Ongoing Prevention of child poverty This budget should reduce child poverty in New Zealand. Further measures in subsequent budgets will hopefully reduce it even further. Eventually we hope to see it eliminated. The much more difficult task however will be to prevent families slipping back into poverty.

However, there are a number of measures which will assist in preventing poverty in the longer term. These include: Continued growth in job creation Significant investment in economic development and knowledge enhancement Improving access to high quality, affordable child care Appropriate and accessible health services Quality educational services and relevant transition mechanisms into the work force.

Barnardos is therefore sending a challenge to Steve Maharey, your fellow ministers and your officials to do three really fundamental things – In the implementation of this budget and the development of its programmes, reaffirm your commitment to eradicate child poverty In the commitment to having people in work, don’t lose sight of the poverty dilemma facing those who aren’t. Make it a policy priority to have measures in place to prevent families slipping back into poverty.

ENDS


© Scoop Media

 
 
 
 
 
Parliament Headlines | Politics Headlines | Regional Headlines

 

Sector Opposes Bill: Local Government Bill Timeframe Extended

The Minister of Local Government Peseta Sam Lotu-Iiga has asked the Select Committee to extend the report back date for the Local Government Act 2002 Amendment Bill (No 2). More>>

ALSO:

Breed Laws Don’t Work: Vets On New National Dog Control Plan

It is pleasing therefore to see Louise Upston Associate Minister for Local Government calling for a comprehensive solution... However, relying on breed specific laws to manage dog aggression will not work. More>>

ALSO:

Not Waiting On Select Committee: Green Party Releases Medically-Assisted Dying Policy

“Adults with a terminal illness should have the right to choose a medically assisted death,” Green Party health spokesperson Kevin Hague said. “The Green Party does not support extending assisted dying to people who aren't terminally ill because we can’t be confident that this won't further marginalise the lives of people with disabilities." More>>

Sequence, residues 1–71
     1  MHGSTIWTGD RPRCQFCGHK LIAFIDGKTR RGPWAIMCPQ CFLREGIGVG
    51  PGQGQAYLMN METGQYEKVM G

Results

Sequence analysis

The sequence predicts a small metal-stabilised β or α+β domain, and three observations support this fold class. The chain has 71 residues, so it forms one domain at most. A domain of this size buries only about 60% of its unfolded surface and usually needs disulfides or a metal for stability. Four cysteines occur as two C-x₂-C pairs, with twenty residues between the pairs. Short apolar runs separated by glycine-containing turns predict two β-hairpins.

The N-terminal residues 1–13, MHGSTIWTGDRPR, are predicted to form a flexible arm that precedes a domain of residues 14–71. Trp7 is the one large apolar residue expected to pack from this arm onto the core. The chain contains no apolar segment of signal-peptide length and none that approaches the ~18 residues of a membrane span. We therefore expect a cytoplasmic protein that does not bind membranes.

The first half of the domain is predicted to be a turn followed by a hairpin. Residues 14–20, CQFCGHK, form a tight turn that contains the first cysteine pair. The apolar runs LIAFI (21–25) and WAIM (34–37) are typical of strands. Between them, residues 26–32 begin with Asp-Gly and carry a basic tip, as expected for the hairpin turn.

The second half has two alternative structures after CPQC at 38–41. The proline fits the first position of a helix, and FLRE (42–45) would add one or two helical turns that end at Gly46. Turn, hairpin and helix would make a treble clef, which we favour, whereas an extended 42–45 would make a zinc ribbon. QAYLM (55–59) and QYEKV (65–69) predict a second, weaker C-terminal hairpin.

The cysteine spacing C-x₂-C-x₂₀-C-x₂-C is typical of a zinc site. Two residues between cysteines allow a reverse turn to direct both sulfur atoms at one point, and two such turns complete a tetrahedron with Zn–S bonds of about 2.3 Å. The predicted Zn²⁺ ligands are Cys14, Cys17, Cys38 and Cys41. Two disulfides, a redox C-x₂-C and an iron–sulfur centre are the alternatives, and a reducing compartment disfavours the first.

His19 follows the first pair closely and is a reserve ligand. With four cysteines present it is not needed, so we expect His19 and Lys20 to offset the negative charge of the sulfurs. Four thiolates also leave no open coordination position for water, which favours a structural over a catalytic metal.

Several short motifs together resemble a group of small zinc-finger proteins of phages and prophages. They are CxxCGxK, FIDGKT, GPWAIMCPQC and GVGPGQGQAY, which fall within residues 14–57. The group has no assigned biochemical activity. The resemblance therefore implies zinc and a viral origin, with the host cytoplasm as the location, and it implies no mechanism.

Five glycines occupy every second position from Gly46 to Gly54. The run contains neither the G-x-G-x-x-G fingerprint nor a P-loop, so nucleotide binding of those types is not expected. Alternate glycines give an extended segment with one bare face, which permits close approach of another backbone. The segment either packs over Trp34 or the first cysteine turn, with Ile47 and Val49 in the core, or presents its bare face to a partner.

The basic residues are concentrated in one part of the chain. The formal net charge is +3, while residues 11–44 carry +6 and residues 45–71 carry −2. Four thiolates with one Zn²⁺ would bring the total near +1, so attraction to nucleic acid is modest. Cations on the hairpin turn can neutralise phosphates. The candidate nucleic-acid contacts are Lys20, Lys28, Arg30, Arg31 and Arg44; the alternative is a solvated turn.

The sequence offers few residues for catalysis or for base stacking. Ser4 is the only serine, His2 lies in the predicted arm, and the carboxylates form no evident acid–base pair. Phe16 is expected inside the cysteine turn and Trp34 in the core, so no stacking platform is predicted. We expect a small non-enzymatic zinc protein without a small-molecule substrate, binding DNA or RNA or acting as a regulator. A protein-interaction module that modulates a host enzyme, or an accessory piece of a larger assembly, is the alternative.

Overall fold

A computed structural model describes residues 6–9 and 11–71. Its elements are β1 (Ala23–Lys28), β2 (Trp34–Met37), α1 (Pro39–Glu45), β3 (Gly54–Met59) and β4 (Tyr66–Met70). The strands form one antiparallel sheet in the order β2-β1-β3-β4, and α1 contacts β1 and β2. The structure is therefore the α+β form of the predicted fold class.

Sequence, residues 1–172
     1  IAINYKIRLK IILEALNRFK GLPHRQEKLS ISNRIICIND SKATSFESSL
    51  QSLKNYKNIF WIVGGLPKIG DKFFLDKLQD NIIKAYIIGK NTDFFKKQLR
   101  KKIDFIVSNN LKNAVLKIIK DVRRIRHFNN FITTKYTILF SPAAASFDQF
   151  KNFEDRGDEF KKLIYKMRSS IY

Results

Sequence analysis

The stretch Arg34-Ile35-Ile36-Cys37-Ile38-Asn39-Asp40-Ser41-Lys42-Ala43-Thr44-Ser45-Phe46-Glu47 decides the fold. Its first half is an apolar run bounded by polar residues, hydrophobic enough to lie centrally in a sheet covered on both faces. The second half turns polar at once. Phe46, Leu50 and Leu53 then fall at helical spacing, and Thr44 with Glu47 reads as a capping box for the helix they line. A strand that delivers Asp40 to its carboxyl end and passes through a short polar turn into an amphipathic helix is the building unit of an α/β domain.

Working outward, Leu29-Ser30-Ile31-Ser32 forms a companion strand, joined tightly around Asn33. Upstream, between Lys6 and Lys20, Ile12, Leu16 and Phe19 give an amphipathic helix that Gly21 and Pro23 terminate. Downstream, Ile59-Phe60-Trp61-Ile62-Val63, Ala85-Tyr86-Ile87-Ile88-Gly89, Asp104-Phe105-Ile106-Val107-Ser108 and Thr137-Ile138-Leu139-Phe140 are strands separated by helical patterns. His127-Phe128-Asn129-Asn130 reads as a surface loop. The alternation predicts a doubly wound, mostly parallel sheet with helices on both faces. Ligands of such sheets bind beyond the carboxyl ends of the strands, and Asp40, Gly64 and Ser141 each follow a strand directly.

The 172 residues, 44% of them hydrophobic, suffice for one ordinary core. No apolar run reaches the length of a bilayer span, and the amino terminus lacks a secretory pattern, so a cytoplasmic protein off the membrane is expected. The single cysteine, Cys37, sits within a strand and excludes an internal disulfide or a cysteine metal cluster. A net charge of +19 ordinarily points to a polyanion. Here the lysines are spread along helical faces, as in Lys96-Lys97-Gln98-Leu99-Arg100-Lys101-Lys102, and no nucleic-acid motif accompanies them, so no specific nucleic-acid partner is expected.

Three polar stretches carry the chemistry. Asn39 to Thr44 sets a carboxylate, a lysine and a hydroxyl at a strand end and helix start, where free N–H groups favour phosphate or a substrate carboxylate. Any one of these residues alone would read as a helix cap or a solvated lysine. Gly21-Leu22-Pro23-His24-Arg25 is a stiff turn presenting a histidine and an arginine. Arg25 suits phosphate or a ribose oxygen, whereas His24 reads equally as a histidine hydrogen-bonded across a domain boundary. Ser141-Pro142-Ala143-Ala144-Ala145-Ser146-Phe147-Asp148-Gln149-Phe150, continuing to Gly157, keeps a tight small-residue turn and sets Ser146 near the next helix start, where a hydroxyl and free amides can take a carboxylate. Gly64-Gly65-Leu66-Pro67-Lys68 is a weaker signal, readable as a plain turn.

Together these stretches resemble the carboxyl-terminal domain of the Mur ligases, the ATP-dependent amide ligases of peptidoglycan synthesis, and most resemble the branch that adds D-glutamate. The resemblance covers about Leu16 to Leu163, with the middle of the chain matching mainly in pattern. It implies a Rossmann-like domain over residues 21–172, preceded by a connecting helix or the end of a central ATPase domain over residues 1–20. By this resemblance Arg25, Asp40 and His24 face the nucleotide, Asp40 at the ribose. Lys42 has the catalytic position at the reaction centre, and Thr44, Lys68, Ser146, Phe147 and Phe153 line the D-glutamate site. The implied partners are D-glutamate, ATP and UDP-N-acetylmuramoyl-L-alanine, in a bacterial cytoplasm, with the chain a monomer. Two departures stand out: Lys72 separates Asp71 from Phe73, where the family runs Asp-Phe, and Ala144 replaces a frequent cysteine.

ALSO:

General Election Review: Changes To Electoral Act Introduced

More effective systems in polling places and earlier counting of advanced votes are on their way through proposed changes to our electoral laws, Justice Minister Amy Adams says. More>>

Gordon Campbell: On Our Posturing At The UN

In New York, Key basically took an old May 2 Washington Post article written by Barack Obama, recycled it back to the Americans, and still scored headlines here at home… We’ve had a double serving of this kind of comfort food. More>>

ALSO:

Treaty Settlements: Bills Delayed As NZ First Pulls Support

Ngāruahine, Te Atiawa and Taranaki are reeling today as they learnt that the third and final readings of each Iwi’s Historical Treaty Settlement Bills scheduled for this Friday, have been put in jeopardy by the actions of NZ First. More>>

ALSO:

Gordon Campbell: On The Damage De-Regulation Is Doing To Fisheries And Education, Plus Kate Tempest

Our faith in the benign workings of the market – and of the light-handed regulation that goes with it – has had a body count. Back in 1992, the free market friendly Health Safety and Employment Act gutted the labour inspectorate and turned forestry, mining and other workplace sites into death traps, long before the Pike River disaster. More>>

Get More From Scoop

 

LATEST HEADLINES

 
 
 
 
 
 
 
 
 
Politics
Search Scoop  
 
 
Powered by Vodafone
NZ independent news